What does this phrase mean: "the times they are a-changin"

Hello everybody

I’d like to know what the a- in the song “the times they are a-changin’” means. Actually, I’ve seen that form in many american songs. Could anybody explain it to me?

By the way, in this particular song there’s something else I don’t understand: why does it say “they”? It isn’t necessary, as we already have the subject (the times).


Hi Karlos
For me it’s an americanism. I can hear it in many songs and have come across it reading american books.
I was a-thinkin’
I was a-comin’
same as i was thinking
I was coming
Pls Alan correct me if i’m wrong :wink:

a couple of quotations from The Grapes of Wrath by John Steinbeck:

“Where ya s’pose Connie was a-goin’?”
“Goin’ to take a crap, I guess”

“Guess we better git, then” Tom said. “Where you a-goin’?”
“Why, up north, like I said.”

“Well, he ain’t no good,” Pa insisted. “All the time a-sayin’ what he’s a-gonna do. Never…”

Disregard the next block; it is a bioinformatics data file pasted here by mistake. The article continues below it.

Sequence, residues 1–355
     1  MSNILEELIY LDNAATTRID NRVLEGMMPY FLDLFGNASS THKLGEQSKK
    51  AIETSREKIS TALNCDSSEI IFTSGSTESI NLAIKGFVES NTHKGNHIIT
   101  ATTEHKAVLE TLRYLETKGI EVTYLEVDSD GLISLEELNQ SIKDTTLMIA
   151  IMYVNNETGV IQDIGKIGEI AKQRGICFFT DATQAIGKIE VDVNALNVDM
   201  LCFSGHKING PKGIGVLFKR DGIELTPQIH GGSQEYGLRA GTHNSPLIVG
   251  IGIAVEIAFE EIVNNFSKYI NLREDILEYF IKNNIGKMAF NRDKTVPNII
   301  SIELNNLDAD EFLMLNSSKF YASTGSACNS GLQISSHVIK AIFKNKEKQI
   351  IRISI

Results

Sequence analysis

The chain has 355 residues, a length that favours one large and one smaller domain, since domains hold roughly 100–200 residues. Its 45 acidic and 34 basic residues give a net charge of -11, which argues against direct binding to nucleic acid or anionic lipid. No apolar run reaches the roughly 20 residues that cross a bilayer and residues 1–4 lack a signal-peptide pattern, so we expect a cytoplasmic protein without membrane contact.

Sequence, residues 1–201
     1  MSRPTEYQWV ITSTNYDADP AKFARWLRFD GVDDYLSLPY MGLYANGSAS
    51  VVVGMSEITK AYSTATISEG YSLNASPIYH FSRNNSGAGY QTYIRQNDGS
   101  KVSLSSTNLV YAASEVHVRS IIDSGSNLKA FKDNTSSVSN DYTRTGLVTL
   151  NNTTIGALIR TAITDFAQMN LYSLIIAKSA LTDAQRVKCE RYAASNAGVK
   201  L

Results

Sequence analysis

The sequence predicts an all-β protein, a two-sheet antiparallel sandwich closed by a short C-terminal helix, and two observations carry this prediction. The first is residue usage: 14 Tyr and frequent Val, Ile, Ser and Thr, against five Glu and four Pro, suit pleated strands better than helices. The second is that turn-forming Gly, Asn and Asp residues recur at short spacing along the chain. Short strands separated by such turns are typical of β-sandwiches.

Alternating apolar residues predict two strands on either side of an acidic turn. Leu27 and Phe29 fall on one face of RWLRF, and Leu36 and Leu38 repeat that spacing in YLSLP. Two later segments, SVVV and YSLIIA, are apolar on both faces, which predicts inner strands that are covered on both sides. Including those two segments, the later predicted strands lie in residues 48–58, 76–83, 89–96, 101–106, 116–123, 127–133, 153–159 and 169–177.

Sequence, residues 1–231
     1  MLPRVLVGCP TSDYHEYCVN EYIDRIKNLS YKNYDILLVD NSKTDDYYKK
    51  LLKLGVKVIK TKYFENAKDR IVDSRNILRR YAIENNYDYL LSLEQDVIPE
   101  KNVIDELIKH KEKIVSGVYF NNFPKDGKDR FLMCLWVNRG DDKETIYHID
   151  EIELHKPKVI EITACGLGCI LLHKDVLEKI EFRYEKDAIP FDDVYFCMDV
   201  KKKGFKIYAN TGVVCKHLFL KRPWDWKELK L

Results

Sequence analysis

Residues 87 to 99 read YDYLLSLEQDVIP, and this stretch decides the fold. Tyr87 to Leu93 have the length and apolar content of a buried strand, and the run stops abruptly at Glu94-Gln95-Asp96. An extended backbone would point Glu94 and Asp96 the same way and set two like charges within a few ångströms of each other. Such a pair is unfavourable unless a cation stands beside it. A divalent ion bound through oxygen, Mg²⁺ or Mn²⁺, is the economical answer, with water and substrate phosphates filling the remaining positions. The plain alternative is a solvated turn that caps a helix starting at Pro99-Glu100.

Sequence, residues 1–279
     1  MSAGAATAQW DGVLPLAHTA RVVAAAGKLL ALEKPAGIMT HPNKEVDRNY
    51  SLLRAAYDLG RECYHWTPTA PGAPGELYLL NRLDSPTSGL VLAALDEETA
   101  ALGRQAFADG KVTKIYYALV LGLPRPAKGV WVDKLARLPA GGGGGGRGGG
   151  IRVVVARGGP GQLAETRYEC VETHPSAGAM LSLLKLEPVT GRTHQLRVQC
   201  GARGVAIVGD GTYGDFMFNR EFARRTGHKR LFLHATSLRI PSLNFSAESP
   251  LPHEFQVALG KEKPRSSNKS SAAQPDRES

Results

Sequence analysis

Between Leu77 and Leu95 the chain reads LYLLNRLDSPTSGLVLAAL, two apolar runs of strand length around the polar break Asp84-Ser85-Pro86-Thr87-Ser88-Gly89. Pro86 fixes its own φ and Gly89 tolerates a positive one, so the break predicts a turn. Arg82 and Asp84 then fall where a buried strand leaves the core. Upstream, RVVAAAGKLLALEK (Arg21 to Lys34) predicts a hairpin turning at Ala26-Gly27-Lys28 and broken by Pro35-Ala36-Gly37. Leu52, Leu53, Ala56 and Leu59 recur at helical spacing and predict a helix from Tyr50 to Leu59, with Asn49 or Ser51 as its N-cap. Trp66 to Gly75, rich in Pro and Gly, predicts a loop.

“… We’d come up a-fightin’, an’ I jus’ can’t afford to be took in an’ mugged…”

“Over there,” said Ma. " Come on, ROsasharn. We’re a-goin’."

a piece from Nick Cave’s poem:

The light in our window is fading
The candle gutters on the ledge
Well now sorrow, it comes a-stealing
And I’ll cry, girl, but I’ll come a-running
Straight to you
For I am captured
Straight to you
For I am captured
Once again

ok i’m tired :smiley:

Thank you for your reply, Mihal, you’re ready to help as always. But my question is: does it make any difference to say “Where ya s’pose Connie was goin’?” instead of “Where ya s’pose Connie was a-goin’?”

By the way, it seems that “The Grapes of Wrath” is a good book for learning American colloquial English.

as to your question, the difference is probably as distinct as this between i’m going to and i’m gonna :wink: